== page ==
I knew Janet was sick but I didn’t think she could possibly die. In my mind she was immortal. Janet was always a delight to see and foremost to talk with. Insightful and funny, each encounter was memorable. She was also my favorite local painter.
I fell in love with a painting she had at the High Falls Gallery, the one with her brother in a vortex entitled “Ooops!” It had a $200 price tag on it and I will forever regret not taking it home. For years I maintained a web page of her paintings. Ten years ago she sent jpegs of her latest batch along with this note. I never got around to posting them.
“The whisk broom and dust pan are from my Primordial Fleamarket Series. I allow one object per canvas, life size. I want them to appear to be in process of being made, like in a geological rather than a manufacturing process, with the varying layers of paint mimicking aeons. The typewriters, lamps, sewing machine and guitar are also in this series. I’m working on a 1896 Fairbanks Banjo at the moment.
Baby Bird’s title is now “Fledgeling” 2007. “Whisk Broom” 2008, “Dustpan” 2008 and “Fledgeling” 2007 are now at the Oxford Gallery Awakenings Show, until May 10. “Embers” and Ted’s Typewriter” 2006. “QWERTY 3” and “QWERTY 4” 2007. They are all 12” x 12.” “Dave’s Guitar: C. F. Martin’s D28 Dreadnought” 40” x 30” 2007
Janet wrote the following introduction to her paintings on the site.
“I seem to always want to paint either my kitchen table, or the view out my window of Pinnacle Hill. Pinnacle Hill has been encroaching upon, interfacing with, and persistently stepping up its allurements to me as an interior artist. I’m taking it one step at a time. I only want to paint it through the windows and ceilings of my house, with all its seas and deserts and nebulae, and its population of cowboys and saints, horses, maybe soldiers, sharks and flying dogs also.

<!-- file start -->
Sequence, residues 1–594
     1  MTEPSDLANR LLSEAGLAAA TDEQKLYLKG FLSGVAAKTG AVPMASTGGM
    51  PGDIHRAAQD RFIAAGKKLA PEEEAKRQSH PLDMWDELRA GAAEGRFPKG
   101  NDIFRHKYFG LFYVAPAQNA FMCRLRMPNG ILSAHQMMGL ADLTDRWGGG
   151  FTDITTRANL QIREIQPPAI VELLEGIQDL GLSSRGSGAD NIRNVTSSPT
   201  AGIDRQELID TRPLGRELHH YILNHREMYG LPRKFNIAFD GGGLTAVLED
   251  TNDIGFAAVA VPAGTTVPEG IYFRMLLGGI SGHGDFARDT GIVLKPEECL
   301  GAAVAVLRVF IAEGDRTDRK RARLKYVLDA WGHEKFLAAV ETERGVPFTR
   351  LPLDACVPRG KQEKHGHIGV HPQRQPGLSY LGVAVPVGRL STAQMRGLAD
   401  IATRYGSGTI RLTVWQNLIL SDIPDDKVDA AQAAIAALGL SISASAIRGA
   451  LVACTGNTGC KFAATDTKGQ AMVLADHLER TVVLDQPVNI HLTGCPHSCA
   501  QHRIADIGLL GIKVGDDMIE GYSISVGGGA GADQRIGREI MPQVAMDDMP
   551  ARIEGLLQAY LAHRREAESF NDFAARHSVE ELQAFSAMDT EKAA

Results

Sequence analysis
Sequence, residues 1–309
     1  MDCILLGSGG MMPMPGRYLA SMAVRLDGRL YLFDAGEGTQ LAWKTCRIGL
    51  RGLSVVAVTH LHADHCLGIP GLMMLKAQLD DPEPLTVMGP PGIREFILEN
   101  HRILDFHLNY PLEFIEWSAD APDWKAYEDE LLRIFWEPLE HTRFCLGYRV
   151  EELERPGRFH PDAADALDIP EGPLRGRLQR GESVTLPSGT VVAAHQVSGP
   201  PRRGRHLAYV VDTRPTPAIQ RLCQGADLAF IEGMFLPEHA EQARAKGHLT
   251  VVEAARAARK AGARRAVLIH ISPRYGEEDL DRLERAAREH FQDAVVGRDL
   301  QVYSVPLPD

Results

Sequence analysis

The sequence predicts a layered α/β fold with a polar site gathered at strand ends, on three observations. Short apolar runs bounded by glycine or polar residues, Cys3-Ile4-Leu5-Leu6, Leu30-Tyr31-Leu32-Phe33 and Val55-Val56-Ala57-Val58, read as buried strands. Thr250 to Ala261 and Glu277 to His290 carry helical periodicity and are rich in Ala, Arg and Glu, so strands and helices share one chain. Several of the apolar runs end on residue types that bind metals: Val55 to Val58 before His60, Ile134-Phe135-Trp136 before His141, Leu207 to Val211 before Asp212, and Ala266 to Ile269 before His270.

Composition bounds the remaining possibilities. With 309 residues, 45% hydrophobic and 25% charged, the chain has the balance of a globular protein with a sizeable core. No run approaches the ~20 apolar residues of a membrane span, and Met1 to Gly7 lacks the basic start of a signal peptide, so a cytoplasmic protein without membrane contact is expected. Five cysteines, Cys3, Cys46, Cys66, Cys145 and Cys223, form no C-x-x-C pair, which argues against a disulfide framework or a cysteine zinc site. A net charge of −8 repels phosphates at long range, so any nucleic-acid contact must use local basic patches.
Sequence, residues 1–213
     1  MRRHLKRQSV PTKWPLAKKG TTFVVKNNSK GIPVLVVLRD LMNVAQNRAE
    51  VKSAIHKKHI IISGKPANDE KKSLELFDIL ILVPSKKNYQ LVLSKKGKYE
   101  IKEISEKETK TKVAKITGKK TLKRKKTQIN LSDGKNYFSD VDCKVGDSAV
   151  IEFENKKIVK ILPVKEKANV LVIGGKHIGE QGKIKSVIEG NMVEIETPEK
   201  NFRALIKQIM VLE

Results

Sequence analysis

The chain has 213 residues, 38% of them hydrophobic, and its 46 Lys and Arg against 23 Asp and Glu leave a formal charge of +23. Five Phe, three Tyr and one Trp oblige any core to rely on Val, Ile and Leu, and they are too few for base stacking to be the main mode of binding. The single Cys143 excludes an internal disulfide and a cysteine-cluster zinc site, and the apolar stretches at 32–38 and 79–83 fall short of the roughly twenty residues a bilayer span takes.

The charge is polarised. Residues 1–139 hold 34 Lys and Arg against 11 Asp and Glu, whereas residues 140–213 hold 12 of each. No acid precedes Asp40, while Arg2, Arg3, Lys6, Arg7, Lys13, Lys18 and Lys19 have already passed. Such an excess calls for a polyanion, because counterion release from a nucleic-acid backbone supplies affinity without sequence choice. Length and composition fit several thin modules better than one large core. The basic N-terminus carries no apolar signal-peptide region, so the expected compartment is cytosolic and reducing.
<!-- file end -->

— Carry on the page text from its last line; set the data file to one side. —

I am allowing my paintings also to “borrow,” shall we say, from the images of other artists. For example: the one of the Sea of Galilee Lapping the Shore of PS 35, shamelessly appropriates from Delacroix. But Lawrence Lazarus’ Battered Blue Cube is in there, also, in quadruplicate. School 35 is a low brick building with seemingly no appeal, yet with 4 or 5, (I really haven’t counted them) blue doors, Battered Blue Cubes! They were painted beige for awhile, a while back, and my heart sank. I was wracking my brain for a way to convince myself that my memory of their blueness would serve me just as well, as an artist who knew something and could brook all obstacles in her path, when they got painted blue again! like a miracle, in answer to a prayer I didn’t dare send up!
The one of the Fight for the Waterhole at PS 35 borrows (HA!) from, as you can guess, from Remington. But, again, the doors of school 35 are DEFINITELY Lawrence Lazarus’ Battered Blue Cube. He probably wouldn’t have seen the point of there being 4 or 5 of them, but that’s how it is.
My latest painting, Pope Cake, is the Pope and my mother at the kitchen table, with a Thiebald wedding cake on the table, and the table holding its own, if I do say so myself! It’s really a picture of my mother’s arms, I think. They express her earthy fretfulness, without giving up a bit of her translucent leaving this earth quality.